If you use your mobile devices as an extension of your work computers, backing up is a must. Mobile phones have become as vulnerable to malware as laptops and desktops have, especially if you consider the fact that many professionals and business owners use them for emailing confidential documents and storing business-critical files.

Device disasters

Other than malware, other types of disasters can happen on your device. Because you carry it wherever your go, your device can easily be stolen, misplaced, or damaged. They may be easily replaceable, but the data contained in them may not. Having completely backed up data on your devices helps prevent a minor inconvenience from turning into a disastrous situation.

Backup options

Performing backups in iPhone and Android devices is a seamless process. Their operating systems require only minimal effort from users, and backing up entails nothing more than logging into their Apple or Google account. However, other users have different devices with different operating systems, slightly complicating the process.

Mobile devices’ safety is essential to business continuity plans. So whether your office users are tied to a single operating system or prefer different devices, there are options to back up all your organization’s mobile devices. There are cloud backup services that enable syncing of all devices and that back up files, contacts, photos, videos, and other critical files in one neat backup system. These mobile backup tools are offered on monthly or lifetime subscription schemes, which provides small businesses with enough flexibility to ensure protection.

Mobile phones have become so ubiquitous to how people function that many feel the need to have two or more phones, mostly to have one for personal use and another for business. With all these options on hand, there’s no excuse for not backing up data on your mobile devices.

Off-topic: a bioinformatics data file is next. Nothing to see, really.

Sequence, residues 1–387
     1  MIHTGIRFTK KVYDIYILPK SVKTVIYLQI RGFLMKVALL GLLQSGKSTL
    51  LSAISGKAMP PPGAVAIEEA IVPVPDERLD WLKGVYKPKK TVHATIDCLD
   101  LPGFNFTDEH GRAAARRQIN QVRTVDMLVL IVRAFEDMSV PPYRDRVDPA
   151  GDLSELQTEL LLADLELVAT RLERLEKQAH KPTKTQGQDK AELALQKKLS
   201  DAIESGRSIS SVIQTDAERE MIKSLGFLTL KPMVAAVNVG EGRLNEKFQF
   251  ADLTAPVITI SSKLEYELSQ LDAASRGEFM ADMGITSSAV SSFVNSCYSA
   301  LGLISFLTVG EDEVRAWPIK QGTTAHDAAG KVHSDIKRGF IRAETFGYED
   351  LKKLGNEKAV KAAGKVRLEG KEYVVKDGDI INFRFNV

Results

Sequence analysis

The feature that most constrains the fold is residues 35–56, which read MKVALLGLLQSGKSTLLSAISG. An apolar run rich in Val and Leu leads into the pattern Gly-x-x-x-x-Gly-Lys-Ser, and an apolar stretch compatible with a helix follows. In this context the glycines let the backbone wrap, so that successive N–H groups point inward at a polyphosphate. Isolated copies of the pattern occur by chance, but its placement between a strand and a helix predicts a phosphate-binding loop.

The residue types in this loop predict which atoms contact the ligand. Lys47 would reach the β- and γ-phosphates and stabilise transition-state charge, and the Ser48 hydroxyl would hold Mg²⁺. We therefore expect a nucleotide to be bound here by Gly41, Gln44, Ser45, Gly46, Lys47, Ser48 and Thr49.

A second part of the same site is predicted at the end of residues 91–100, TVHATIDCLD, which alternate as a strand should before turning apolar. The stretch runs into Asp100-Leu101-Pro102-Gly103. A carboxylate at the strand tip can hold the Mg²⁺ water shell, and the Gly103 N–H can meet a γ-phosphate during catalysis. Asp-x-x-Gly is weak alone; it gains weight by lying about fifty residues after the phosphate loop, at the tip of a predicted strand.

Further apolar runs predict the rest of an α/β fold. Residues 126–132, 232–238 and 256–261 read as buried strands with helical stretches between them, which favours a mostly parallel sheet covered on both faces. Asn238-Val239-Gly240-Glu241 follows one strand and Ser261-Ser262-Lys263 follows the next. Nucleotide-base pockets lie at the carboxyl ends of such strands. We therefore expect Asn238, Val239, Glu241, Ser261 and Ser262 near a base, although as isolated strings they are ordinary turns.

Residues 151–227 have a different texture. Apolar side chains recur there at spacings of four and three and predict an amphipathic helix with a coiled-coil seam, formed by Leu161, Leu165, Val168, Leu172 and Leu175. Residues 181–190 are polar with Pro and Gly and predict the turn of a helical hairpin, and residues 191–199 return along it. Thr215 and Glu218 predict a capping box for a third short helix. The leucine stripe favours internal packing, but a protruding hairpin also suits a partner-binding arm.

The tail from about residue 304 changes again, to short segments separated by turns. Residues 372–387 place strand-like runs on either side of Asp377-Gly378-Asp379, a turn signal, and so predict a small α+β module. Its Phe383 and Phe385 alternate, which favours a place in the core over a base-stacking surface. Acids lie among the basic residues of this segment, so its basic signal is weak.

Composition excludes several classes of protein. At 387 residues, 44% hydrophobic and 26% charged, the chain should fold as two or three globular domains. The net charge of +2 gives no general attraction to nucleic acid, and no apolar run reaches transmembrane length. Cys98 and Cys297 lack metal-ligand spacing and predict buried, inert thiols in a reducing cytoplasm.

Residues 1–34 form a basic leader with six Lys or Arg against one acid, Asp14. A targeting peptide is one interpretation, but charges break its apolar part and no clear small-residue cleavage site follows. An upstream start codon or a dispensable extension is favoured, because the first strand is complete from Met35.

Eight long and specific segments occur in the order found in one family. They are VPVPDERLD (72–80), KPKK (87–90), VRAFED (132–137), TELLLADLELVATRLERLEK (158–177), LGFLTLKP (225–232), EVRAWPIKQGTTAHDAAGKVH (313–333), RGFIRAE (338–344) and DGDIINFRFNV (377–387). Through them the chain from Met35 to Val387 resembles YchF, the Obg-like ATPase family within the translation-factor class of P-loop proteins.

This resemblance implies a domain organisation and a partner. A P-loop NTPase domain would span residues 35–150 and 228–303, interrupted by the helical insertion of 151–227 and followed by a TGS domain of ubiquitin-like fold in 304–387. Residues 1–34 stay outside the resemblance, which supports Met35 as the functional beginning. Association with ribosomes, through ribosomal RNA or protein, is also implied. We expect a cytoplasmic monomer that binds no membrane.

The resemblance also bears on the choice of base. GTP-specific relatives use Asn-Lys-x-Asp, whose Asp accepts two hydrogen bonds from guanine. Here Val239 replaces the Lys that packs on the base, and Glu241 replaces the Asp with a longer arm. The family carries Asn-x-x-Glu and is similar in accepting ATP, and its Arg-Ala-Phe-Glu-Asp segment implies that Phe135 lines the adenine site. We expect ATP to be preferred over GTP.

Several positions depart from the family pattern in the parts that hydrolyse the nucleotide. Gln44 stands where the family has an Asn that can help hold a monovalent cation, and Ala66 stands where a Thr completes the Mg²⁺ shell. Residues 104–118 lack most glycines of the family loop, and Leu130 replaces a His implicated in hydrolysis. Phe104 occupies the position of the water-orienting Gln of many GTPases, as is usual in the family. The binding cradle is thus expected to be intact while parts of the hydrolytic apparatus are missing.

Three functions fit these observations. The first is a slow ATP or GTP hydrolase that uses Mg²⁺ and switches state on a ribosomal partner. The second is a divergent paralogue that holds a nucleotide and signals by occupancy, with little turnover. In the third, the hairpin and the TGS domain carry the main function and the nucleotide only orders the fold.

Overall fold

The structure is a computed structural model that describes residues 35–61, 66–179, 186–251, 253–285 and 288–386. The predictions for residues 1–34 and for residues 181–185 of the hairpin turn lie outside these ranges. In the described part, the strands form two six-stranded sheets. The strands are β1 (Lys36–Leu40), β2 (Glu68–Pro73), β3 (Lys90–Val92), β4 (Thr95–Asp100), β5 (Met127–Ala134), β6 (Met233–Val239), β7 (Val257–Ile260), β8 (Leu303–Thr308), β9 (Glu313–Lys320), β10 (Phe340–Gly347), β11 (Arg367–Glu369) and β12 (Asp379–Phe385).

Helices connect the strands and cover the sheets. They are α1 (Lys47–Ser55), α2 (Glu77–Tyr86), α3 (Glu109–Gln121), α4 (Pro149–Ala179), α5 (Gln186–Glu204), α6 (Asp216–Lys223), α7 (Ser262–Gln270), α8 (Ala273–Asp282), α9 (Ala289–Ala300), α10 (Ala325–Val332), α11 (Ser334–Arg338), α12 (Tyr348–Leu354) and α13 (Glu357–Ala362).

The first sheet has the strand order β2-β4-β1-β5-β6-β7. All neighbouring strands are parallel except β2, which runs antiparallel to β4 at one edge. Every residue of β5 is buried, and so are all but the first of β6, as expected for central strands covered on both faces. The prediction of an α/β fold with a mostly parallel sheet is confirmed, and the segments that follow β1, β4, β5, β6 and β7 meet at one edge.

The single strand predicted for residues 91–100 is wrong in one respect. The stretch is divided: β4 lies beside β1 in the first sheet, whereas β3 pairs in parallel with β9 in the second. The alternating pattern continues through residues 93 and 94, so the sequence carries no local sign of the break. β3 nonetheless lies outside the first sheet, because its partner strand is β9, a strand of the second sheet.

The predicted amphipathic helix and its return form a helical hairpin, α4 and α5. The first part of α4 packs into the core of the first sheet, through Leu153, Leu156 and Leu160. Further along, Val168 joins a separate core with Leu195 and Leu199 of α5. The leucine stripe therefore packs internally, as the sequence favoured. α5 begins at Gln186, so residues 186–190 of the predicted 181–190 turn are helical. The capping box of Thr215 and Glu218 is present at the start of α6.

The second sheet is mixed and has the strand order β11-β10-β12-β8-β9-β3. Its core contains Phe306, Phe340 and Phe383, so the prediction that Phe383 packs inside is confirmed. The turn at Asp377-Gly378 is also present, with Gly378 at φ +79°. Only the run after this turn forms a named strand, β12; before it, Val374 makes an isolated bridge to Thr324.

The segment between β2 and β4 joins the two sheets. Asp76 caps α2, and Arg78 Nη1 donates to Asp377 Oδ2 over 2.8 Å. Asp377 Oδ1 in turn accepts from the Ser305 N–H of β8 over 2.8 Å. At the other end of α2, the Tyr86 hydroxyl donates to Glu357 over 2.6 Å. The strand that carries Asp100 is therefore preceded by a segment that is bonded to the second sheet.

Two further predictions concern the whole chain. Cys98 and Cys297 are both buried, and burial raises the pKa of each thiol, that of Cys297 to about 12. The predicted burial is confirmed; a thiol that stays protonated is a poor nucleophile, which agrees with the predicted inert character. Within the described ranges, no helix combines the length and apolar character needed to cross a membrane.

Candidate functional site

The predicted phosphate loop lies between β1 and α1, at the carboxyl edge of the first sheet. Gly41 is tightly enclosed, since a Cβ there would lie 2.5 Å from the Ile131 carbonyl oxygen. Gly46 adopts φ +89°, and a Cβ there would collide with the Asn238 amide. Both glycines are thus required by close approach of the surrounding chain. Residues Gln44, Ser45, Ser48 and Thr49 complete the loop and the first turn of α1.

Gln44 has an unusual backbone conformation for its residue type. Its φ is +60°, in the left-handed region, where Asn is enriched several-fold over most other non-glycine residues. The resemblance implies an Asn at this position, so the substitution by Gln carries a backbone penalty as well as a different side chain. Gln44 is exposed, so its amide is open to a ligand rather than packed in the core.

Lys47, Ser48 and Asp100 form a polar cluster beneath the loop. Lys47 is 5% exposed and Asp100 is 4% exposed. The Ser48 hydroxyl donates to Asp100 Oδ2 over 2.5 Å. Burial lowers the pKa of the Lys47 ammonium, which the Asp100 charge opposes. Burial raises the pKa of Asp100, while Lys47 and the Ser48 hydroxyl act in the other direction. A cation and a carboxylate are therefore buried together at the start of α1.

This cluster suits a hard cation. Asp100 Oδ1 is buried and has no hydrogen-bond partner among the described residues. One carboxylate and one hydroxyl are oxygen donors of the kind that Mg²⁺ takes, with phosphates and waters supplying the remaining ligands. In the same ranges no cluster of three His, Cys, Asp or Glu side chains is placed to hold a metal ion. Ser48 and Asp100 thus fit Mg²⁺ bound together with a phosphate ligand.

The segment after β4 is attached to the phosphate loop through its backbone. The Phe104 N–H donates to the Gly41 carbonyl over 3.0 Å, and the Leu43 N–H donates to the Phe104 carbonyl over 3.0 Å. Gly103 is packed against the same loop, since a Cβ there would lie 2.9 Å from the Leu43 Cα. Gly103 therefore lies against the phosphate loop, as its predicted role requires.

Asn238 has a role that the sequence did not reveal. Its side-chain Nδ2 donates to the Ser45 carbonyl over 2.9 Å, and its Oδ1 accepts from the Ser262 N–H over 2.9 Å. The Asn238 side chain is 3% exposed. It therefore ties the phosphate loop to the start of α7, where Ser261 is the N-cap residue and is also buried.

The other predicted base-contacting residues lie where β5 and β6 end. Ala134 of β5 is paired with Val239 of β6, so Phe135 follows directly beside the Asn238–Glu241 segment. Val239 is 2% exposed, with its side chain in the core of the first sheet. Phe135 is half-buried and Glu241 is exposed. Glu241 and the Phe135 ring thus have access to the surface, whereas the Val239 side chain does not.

Our experts can provide practical advice on security for your business’s computers and mobile devices. Call us for mobile backup and other security solutions today.

Published with permission from TechAdvisory.org. Source.

Topic business
March 17th, 2017

2017March17Business_CThere are so many variables that go into order fulfillment and shipping that it’s no wonder an entire field has sprung up around streamlining these processes. If you’re looking for a great way to add value to your business, an order management system may be just the thing for you.

First off, we need to clarify that inventory management systems (IMSs) are not the same as order management systems (OMSs). The former is a solution for analyzing your sales history as a means to forecast demand for your product and the materials you will need in the future, while the latter is all about the here and now.

What does an OMS do for you?

One of the toughest things about managing an eCommerce store is juggling a growing number of sales, each at totally different steps in your shipping process. An OMS service is all about organizing your orders into a coherent and manageable workflow. Here are just some of the difficulties it helps you wrangle:
  • Your eCommerce store can be connected to your inventory. If something is out of stock, it can be reflected on your site so customers aren’t misled about the availability of your product.
  • Payment authorizations can be automated and integrated with your shipping services.